But considering where the Rangers were when the deal was made with Yu Darvish just coming off the DL, Martin Perez still working his way back after missing the first two months, and Nick Tepesch and Justin Grimm getting lit up like Christmas trees, it was a deal that made a lot of sense.
Garza is a pitcher who has really settled into his role as a quality No. 3 starter. At times he has been better than that, but his career suggests that of a very good No. 3 on a first-division rotation.
That is exactly what the Rangers needed for the stretch run. They have Darvish at the top of the rotation, Derek Holland right behind him, and Garza to slot in after that. If they get to the playoffs, that trio could carry them to another World Series appearance.
Giving up four prospects for one pitcher who is just a two-month rental seems like a lot, but other than Olt, the players they gave up are years away from doing anything in the big leagues.
Acquisition: Grant Green to Los Angeles, Alberto Callaspo to Oakland
Oakland and Los Angeles, two AL West rivals, made a small deal on the same day that Jake Peavy was traded, so there was no chance this would get any attention. But it is a move that I like for both sides.
Callaspo is a versatile infielder who can play anywhere but first base, though he is a below-average defender at shortstop and would be best served at third base. The A's are set at third base with Josh Donaldson, so it doesn't seem likely Callaspo will see much time there.
If the Athletics move him to second, where their offensive production has been awful (.259/.324/.346), Callaspo will be a huge upgrade.
His offensive numbers this season aren't much better than Oakland's second baseman (.252/.324/.347), but he fits this lineup nicely because he doesn't strikeout. That ability to put the ball in play gives Bob Melvin more flexibility wherever Callaspo hits in the lineup.
On the other side, Green has been buried in Oakland's system for years since he doesn't have a clear position. Second base is probably his best spot, though he is below-average there.
Green's offensive profile is solid. He has a very nice compact swing that produces a lot of line drives. The home-run power is fringy, but he could be a guy who hits 30-plus doubles and 10-12 homers. His approach is a little crude and that knocks his average down.
But as a player under control for six years, Green has good potential for the Angels and should get a chance to play every day. I like the move and think he could be a solid, offensive-oriented second baseman.
Prediction: Boom for both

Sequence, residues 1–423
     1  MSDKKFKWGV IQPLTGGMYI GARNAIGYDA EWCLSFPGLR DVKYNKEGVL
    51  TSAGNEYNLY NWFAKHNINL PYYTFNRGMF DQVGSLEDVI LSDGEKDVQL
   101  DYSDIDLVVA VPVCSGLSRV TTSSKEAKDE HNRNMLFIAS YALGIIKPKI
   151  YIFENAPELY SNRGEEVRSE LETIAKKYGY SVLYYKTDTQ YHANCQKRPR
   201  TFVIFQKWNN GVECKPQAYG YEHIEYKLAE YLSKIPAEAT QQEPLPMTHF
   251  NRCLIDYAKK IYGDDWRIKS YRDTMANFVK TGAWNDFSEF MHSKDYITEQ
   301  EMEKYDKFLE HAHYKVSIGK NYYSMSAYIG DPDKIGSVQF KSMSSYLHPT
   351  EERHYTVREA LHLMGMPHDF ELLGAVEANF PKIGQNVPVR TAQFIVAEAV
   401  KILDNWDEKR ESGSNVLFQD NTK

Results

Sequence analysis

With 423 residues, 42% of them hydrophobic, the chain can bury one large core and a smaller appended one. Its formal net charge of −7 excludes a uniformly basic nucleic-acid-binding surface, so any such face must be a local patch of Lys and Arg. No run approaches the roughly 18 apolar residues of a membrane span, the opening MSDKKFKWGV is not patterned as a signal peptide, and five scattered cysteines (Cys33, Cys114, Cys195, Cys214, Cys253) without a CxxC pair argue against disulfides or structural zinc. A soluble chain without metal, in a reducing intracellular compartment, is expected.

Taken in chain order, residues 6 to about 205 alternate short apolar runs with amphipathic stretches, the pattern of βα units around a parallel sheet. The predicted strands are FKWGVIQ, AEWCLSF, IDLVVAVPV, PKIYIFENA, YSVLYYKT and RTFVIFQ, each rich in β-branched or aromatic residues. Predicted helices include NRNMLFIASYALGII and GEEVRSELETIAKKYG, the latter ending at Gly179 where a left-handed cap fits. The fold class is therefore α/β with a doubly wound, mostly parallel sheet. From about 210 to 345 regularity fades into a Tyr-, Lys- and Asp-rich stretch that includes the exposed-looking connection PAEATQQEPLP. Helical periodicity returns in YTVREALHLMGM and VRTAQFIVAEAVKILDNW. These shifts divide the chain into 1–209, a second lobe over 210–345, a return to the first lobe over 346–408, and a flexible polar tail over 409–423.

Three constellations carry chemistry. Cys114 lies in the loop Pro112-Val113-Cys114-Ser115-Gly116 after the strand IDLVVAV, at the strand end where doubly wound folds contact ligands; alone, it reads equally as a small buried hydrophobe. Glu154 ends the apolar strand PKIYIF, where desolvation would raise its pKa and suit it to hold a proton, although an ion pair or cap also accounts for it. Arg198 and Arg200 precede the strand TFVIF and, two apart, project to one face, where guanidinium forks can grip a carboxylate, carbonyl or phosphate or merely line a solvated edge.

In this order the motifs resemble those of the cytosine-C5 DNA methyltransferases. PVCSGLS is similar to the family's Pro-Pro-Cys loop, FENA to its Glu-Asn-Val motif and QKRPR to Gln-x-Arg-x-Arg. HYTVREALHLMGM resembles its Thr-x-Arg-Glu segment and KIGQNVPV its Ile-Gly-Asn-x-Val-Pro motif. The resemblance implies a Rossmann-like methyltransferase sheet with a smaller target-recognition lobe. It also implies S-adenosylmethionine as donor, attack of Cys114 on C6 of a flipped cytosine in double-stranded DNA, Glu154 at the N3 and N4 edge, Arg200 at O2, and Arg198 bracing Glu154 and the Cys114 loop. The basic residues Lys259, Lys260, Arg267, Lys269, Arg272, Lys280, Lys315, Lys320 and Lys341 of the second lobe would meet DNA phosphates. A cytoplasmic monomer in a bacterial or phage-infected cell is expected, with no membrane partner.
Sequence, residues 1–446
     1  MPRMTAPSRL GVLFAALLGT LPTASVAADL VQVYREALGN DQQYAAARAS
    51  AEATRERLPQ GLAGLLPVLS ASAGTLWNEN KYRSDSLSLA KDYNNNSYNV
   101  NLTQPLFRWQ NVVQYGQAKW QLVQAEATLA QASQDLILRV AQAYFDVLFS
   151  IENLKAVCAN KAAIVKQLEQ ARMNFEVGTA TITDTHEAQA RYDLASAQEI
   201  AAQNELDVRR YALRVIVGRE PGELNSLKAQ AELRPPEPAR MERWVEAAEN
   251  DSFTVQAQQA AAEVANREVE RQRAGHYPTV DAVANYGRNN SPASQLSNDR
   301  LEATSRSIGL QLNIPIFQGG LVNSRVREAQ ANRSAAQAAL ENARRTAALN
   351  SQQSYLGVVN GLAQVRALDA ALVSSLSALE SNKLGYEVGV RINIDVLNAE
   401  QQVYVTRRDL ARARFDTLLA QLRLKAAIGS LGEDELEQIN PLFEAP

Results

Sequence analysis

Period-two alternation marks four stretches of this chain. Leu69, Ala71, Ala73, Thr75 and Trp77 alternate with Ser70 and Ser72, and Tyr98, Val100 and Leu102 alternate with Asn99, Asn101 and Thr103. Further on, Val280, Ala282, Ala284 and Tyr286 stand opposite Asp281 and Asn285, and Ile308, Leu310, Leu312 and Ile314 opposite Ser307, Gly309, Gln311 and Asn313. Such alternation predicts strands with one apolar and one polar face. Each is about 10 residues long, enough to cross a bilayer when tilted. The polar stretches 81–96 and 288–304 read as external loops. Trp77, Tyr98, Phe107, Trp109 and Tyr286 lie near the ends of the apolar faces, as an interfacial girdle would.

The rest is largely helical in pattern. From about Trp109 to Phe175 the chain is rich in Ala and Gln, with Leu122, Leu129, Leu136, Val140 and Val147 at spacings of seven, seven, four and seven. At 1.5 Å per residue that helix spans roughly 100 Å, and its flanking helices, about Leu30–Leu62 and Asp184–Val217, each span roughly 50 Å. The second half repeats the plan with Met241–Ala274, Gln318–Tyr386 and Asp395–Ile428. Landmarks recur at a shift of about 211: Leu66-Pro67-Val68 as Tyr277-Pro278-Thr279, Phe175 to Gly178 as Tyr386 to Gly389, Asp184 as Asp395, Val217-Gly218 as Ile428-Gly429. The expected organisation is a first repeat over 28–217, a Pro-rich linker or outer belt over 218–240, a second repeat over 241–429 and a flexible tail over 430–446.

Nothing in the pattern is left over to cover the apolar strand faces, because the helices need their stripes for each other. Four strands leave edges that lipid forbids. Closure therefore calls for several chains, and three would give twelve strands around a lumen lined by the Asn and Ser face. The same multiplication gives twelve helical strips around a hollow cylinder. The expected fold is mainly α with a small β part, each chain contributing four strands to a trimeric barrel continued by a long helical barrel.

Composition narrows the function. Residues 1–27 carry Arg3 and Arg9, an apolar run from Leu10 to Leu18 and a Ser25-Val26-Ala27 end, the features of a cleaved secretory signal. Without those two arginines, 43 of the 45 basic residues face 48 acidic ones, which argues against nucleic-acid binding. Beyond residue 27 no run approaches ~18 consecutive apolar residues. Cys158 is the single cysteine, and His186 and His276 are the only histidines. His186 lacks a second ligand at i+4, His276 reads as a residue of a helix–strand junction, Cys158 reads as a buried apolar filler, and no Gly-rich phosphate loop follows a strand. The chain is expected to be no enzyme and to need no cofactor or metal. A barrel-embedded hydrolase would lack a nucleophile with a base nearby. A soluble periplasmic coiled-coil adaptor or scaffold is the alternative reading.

Acquisitions: Marc Rzepczynski to Cleveland, Scott Downs to Atlanta
We lumped these two together since they serve the same basic function for their new teams, even though they have nothing to do with each other as far as trades go. Downs was acquired by the Braves from Los Angeles; Rzepczynski went to Cleveland from St. Louis.
Both players cost their respective teams virtually nothing in prospects or money. Downs was making $5 million this season before hitting free agency; Rzepczynski is making just over $1 million and is under control for two more years.
Downs and Rzepczynski are left-handed specialists who probably won't face more than one hitter at a time when they get in games. They are there to give Fredi Gonzalez and Terry Francona options to choose from in a close game, nothing more.
It is hard for those kinds of pitchers to make a substantial impact on games, but because they are both so good at their roles it is easy to suggest that they will provide the kind of boom their new teams hope for.
Acquisition: Alfonso Soriano to New York
Despite Brian Cashman's reported lack of desire to acquire Alfonso Soriano, the Yankees did what they felt necessary to upgrade what has been a pathetic offense for the rest of this season and next year by bringing the outfielder back for a second tour of New York.
The actual level of boom or bust you believe Soriano has depends on what you are comparing him to. If we hold Soriano to the standard of a normal corner outfielder, then a .256/.287/.487 line isn't going to cut it.
However, if we compare Soriano to Yankee left fielders this season (.227/.269/.337), suddenly he doesn't look that bad. The Yankees will still be paying Soriano roughly $7 million through next season, which is a lot of money for a player who only gets on base at a 29 percent clip.
The temptation will be to give Soriano a boom label because he is far better than anyone else the Yankees have played in that spot. But looking at things in the bigger picture, he is a Band-Aid on a broken leg.
Acquisition: Mike Olt and 6 Players to Chicago
The Cubs were the busiest team in the month of July trading six players (Scott Feldman, Steve Clevenger, Scott Hairston, Matt Garza, Carlos Marmol and Alfonso Soriano) in exchange for nine players, including six prospects.
The big name coming back to Chicago was Mike Olt, who didn't have a spot in Texas with Adrian Beltre at third base. He is still working his way back from eye problems, though that seems to be behind him now.